Undertaking an audit of existing waste infrastructure and a needs analysis to determine the waste infrastructure required to meet the objectives and targets in the 2030 Strategy.
Establish a recycling infrastructure support program and identify priority areas for funding to support adoption of waste avoiding practices and/or resource recovery.
The Action Plan sets out the packaged for each government department, which assists Marlpa Waste Logistics to form partnerships for projects with specific objectives. That lead agency is currently the Department of Water and Environmental Regulation in Western Australia.
The 2030 Strategy states that local solutions are completely important in a state as large as Western Australia, where access to markets there is limited, and transport costs and impacts are high. Most waste management facilities are in the Perth Metro area and not accessible to residents in the regions.
Marlpa Waste Logistics have won regional and state waste management grants to expand its services and increase waste avoidance strategies for the Marlpa (Pilbara) region.
From 1 July 2018, Western Australian government departments are required to award contracts to registered Aboriginal businesses, consistent with progressive targets increasing to 3%. The targets apply to all government agencies when purchasing goods, services, community services and works and include Government Trading Enterprises. As a 100% owned and managed Aboriginal business, Marlpa Waste Logistics can help government agencies achieve their targets.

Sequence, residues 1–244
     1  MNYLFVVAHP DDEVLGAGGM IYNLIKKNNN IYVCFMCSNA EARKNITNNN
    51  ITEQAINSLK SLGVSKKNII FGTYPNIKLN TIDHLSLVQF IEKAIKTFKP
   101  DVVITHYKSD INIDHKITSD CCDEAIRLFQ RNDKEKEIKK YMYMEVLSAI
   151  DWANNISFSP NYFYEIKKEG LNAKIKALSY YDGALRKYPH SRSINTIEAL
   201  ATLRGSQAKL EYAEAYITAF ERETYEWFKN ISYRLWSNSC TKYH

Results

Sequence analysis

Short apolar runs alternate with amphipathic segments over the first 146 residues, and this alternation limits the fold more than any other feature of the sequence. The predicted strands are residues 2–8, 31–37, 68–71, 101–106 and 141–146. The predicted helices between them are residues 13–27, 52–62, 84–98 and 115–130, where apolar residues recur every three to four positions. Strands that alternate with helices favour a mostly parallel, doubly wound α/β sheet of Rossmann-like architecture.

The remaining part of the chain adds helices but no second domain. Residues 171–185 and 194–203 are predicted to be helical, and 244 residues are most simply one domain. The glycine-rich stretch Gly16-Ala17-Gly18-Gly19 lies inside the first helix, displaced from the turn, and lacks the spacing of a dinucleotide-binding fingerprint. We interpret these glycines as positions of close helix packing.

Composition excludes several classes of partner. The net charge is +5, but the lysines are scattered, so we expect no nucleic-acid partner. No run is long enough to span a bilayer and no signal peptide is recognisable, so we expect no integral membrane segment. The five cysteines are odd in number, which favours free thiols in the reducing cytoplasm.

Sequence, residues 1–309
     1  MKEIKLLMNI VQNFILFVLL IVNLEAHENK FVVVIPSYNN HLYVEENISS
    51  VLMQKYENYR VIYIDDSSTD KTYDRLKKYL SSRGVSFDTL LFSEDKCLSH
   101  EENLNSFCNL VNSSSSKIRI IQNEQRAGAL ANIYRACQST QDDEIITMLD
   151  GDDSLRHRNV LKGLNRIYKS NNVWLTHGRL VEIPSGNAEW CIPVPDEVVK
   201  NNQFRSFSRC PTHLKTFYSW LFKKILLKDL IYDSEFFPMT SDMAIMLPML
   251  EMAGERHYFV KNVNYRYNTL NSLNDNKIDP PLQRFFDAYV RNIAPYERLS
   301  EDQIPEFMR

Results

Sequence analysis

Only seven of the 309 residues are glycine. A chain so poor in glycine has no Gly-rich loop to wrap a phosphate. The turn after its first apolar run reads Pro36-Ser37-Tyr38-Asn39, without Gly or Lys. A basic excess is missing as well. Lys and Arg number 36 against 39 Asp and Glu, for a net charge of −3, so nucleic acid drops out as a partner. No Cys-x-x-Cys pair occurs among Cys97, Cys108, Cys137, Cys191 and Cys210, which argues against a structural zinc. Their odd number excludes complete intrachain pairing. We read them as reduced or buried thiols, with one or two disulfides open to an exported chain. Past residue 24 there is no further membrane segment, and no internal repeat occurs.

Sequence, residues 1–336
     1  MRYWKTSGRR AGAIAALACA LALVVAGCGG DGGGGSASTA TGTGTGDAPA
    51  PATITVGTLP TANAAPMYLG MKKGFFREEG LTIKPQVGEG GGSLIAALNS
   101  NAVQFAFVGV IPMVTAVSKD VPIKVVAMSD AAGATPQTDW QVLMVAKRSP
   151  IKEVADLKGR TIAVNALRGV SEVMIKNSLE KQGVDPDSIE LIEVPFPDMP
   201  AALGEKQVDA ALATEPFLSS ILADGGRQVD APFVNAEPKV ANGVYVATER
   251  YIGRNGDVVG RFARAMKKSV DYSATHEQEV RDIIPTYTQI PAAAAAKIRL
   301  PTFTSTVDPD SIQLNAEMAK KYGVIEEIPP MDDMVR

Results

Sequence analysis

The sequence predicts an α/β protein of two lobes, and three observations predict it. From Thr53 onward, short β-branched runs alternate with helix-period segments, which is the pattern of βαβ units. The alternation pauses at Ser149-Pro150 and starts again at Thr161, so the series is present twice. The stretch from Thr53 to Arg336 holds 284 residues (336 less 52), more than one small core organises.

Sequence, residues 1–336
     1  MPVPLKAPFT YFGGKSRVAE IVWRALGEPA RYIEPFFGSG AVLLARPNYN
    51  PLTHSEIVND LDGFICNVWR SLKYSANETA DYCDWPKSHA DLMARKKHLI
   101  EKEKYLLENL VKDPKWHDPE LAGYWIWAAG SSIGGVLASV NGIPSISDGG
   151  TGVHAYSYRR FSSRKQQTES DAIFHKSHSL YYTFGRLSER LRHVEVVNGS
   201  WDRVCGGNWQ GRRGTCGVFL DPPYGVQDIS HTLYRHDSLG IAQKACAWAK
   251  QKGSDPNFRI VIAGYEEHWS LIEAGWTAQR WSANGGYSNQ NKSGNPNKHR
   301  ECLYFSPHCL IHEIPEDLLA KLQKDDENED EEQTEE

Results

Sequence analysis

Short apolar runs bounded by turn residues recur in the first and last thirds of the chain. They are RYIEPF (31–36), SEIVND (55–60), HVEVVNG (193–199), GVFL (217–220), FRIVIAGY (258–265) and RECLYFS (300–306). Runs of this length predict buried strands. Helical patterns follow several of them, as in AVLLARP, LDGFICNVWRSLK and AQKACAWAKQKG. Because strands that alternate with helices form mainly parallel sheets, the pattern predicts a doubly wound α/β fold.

Marlpa Waste Logistics are committed to developing local opportunities and creating a circular economy within the Marlpa (Pilbara) region, to increase local recycling and waste management activities, create local jobs, and minimize the costs and impacts of unnecessary transport.
Waste Authority - Department of Water and Environmental Regulation – www.wasteauthority.wa.gov.au
The region currently referred to as the Pilbara is one of the largest in Western Australia, covering 507,896 square kilometres of unique landscape and represents 20% of Western Australia’s land mass. The region’s history dates back over 40-60,000 years, evidenced by historic rock art and continuing cultural heritage. The region is bordered by the Kimberley to the North East and the Northern Territory to the East. The Indian Ocean border is to the North and Northwest. The Gascoyne, Mid-West and Goldfields regions of Western Australia make up the southern border. The region has three major ports and two airports.
62,841 people currently live in the Pilbara region and a similar amount are Fly-In Fly-Out workers based in mining camps around the region. There has been a 15% growth in population from 2008 to 2018 and this is set to continue due to the ongoing COVID-19 pandemic and restriction on international travel. The median age of Pilbara residents is 35 years and 14% of the population identify as Aboriginal, with over 20 different groups represented. The Pilbara Region supports 63,850 jobs, predominantly in mining (45.6% of all jobs), and has an annual economic output of $69.3 billion (73% mining).
The region is governed by four local authorities:
Shire of Ashburton
Shire of East Pilbara
Town of Port Hedland
City of Karratha.
Marlpa Waste Logistics have contracts with local governments, businesses, communities and government departments across the Marlpa (Pilbara) region.